A Japanese Bus Crashes and Partially Demolishes a Building in Central Havana

The bus crashed into the column of one of the buildings in the Havana neighborhood. (Yayi Ruiz)

14ymedio bigger14ymedio, Havana, 17 June 2022 — A public transport bus collided with a column of a building between Monte and the corner of San Nicolás, in Centro Habana, this Thursday afternoon. According to witnesses to the event, to whom journalist Mario J. Pentón had access, the accident left no injuries. The cause of the collision, the same sources reported, was that the driver lost control of the vehicle while trying to avoid a motorcycle.

In videos shared by Pentón, who is based in Miami, it was observed that, after the crash, the passengers got off the bus among the large rocks of debris from the Havana building, which fell on the road. Another part of the building’s remains fell on the roof of the bus.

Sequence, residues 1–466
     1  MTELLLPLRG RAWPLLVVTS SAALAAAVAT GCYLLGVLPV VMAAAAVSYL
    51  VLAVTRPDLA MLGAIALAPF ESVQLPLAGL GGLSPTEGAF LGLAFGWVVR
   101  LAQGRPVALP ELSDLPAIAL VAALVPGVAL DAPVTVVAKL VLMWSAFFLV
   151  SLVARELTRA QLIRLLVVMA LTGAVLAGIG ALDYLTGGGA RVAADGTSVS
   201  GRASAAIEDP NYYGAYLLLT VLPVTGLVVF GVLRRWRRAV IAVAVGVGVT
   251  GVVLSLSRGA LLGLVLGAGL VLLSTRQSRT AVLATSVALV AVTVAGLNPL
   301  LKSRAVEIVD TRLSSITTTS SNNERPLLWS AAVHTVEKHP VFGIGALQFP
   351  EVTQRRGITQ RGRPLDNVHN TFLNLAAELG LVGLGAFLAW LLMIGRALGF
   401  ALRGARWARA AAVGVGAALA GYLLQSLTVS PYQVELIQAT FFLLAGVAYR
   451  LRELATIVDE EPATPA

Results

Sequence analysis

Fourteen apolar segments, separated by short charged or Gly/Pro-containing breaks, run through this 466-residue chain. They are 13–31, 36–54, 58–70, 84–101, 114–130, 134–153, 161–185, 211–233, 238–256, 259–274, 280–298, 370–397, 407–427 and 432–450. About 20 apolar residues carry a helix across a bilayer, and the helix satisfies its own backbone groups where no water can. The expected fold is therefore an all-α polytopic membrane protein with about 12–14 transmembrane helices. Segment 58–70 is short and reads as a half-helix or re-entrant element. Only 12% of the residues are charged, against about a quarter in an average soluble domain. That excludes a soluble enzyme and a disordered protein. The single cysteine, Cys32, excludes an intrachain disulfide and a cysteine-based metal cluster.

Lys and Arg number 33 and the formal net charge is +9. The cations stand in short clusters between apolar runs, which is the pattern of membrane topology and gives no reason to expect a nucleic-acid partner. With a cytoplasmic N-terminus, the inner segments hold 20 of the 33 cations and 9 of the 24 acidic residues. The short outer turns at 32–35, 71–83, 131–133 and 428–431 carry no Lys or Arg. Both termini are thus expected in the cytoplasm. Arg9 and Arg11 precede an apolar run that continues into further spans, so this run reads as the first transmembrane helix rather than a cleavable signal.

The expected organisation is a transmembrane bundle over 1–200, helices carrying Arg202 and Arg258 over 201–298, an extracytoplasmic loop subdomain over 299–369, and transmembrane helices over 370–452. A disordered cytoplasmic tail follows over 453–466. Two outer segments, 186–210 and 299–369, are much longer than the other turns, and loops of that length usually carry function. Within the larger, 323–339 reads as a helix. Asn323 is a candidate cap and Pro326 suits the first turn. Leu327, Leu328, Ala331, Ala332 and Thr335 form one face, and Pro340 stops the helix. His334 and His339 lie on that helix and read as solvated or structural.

“It’s one of the new buses,” one of the women who watched the accident of bus 8414 in astonishment the  is heard saying. It is one of the 84 that Japan donated to Cuba in January of this year, which were added to the impoverished fleet of Havana buses.

The donation was worth about 9 million dollars, according to official documents, and belongs to the economic and social development program of “non-reimbursable financial aid,” one of the sections of the agreements that Tokyo has with Havana since 1961.

Although the vehicles, of the Isuzu brand, arrived from Colombia, where they were assembled, on January 9, they did not start operating through the Cuban capital until three weeks later.

“They are good but I don’t know how long they are going to last here,” explained the driver of one of these buses to a passenger who inquired about the novelty in early February. Before six months, several have already crashed, according to Havanans who reacted to the accident this Thursday.

Bus accidents have added to the public transportation problem that was aggravated by the fuel shortage. In April, the general director of transport, Leandro Méndez Peña, admitted that only 45.7% of the buses were available, which means that there are more out of service than circulating on the streets.


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